Amazon is facing fresh strikes in Germany after pay negotiations with the country's second-largest union Ver.di broke down, triggering protests across the country.
Hundreds of employees in Amazon's distribution centers in Leipzig and Bad Hersfeld walked out of their workplaces on Thursday morning in protest against their pay conditions.
Union representatives on the ground estimated that about 300 people in Bad Hersfeld and 400 in Leipzig had so far gone on strike, with numbers likely to grow throughout the day. Amazon employs around 9,000 people in Germany across nine distribution centres.
The US online retail giant was hit by a series of strikes across Germany in the December holiday season, traditionally its busiest time of the year. The retailer said at the time that the action had no impact on orders or its delivery timing promises to customers in Germany, which is Amazon's second largest market by sales.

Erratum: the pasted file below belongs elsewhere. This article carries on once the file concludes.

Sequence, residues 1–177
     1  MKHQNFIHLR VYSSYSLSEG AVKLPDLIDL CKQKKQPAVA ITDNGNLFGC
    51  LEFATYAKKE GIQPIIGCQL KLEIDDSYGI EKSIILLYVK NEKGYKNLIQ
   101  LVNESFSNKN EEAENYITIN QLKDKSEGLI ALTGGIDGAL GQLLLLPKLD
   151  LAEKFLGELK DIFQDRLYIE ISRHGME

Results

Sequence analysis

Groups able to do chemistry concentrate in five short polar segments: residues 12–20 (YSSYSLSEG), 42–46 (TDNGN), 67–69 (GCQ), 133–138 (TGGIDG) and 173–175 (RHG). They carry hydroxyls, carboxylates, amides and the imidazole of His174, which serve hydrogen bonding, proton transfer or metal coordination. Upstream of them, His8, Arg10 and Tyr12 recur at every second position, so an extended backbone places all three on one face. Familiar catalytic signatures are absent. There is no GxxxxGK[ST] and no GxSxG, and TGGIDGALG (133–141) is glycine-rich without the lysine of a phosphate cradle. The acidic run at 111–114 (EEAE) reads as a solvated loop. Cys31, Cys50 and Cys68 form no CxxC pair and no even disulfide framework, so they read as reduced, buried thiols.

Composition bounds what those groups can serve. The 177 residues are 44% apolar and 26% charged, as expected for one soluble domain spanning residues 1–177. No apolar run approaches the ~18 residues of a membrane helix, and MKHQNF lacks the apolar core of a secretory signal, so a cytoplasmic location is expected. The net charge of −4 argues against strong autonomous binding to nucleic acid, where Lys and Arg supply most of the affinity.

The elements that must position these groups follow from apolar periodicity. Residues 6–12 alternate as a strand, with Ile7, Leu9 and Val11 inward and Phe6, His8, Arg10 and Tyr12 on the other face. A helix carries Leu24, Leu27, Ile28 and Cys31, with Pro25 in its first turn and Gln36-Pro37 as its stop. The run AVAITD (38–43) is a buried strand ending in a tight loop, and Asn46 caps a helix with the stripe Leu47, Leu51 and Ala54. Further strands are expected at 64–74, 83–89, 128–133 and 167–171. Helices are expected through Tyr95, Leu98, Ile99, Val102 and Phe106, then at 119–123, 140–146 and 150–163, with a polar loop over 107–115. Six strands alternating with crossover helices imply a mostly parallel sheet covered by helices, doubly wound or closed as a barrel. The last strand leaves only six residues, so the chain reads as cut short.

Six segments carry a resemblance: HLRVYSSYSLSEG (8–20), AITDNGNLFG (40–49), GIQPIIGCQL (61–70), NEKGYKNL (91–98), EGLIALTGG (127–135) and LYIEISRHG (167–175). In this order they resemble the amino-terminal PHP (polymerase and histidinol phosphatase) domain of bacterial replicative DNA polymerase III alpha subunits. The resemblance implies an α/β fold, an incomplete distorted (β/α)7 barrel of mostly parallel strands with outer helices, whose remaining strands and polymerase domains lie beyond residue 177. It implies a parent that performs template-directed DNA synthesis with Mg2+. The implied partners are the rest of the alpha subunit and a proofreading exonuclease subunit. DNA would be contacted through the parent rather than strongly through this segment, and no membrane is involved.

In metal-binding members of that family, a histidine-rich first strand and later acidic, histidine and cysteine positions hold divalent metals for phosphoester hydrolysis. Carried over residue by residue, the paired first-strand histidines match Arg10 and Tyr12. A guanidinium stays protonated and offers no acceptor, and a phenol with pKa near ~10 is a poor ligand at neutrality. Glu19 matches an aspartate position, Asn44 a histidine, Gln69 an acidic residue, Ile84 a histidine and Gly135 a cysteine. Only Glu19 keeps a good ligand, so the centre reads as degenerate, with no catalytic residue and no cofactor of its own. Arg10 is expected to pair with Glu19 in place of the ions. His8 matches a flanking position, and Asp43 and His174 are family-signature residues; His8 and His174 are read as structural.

Ver.di has been in talks with Amazon for months over a collective bargaining agreement and a reclassification of employees in the distribution centres as retail workers, which would raise their pay. Amazon has insisted that the employees should be classified as logistics workers, arguing that they are not performing skilled jobs.
The strikes comes amid heightened scrutiny of working conditions for logistics employees at distribution centres. Zalando, Europe's largest online fashion retailer, was forced to defend its working practices this week after an undercover reporter claimed she had to walk up to 27km a day and that breaks were frowned upon. Zalando has embarked on legal action against the reporter, from television network RTL, after she used a hidden camera while employed by the Berlin-based start-up.
Follow us on Twitter: @CNBCWorld